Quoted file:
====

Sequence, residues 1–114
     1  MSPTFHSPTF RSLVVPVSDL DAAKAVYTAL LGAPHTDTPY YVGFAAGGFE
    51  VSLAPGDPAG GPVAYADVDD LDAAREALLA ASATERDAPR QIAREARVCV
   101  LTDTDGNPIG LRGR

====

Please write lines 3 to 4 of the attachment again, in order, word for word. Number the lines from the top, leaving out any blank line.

    51  VSLAPGDPAG GPVAYADVDD LDAAREALLA ASATERDAPR QIAREARVCV
   101  LTDTDGNPIG LRGR